Contrary to opinions and speculations, the Vice Chancellor and the Senate of the University of Lagos have not acted outside their ‘power’ in vacating the students and setting draconian policies in the school. Their (in)actions are firmly rooted in the University of Lagos Act 1962. Section 8 of the Act empowers the Senate to oversee the ‘welfare’, conduct and DISCIPLINE of the students; and Section 12 empowers the University to make regulations to that effect. Section 20 provides for the discipline of the students by the VC, which may be in the form of restriction, suspension or even expulsion on the basis of misconduct. Misconduct although not defined in the Act, seems to mean academic misconduct, as you may infer from your docket. But the Act empowers the school to discipline on other basis other than misconduct. In essence, vacating the students from the hostels and ‘purporting to expel them’ on the basis of their protest may well still fall under the disciplinary powers of the University. Added to these is the fact that the University has discretion in exercising these powers.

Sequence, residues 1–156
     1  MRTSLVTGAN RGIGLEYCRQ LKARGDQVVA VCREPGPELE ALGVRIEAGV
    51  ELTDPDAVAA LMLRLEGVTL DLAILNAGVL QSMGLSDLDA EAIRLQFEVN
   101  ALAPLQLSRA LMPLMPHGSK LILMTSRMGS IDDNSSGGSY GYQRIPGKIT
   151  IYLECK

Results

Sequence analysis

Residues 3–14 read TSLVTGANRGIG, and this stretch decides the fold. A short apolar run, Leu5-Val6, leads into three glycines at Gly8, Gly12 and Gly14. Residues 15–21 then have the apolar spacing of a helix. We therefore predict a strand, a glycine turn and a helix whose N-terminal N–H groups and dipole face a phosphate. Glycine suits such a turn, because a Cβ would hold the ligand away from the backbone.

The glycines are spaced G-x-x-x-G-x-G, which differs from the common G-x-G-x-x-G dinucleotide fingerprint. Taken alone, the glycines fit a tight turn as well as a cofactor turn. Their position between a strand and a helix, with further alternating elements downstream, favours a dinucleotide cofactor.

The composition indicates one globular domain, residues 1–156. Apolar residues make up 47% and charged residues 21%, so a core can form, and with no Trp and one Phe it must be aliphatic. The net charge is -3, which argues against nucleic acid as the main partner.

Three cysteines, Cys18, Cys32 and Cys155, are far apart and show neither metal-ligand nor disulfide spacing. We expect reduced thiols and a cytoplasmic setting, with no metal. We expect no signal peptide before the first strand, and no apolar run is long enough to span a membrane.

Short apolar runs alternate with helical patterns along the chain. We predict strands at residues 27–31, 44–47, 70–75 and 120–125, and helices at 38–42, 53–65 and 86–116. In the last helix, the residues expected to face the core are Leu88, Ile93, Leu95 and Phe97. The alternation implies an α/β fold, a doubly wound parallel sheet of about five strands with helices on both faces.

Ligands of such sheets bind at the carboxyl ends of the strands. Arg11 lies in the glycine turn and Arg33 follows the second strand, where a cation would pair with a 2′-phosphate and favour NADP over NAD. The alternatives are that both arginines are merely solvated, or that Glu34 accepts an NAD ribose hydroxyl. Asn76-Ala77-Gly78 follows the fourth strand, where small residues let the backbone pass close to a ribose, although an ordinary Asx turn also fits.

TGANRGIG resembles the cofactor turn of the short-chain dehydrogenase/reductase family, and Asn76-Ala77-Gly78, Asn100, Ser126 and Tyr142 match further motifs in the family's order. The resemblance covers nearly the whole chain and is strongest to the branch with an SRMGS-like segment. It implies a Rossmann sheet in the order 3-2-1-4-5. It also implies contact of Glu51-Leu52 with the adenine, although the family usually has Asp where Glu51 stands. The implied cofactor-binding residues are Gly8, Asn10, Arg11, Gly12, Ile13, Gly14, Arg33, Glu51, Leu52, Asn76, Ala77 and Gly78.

That much is certain and to question it is to question the law. I am not for questioning the law; therefore, pardon me if I do not dwell on the rationale for these ‘empowerments.’
What I question is the overall legal ground of these powers exercised, their arbitrariness and effectiveness – for these are not the same as legality. Oh, I will not be asking questions now: I will be answering them. But before then, some jurisprudential analogies and inferences, or, for those not legally inclined, ‘commonsensical’ inferences.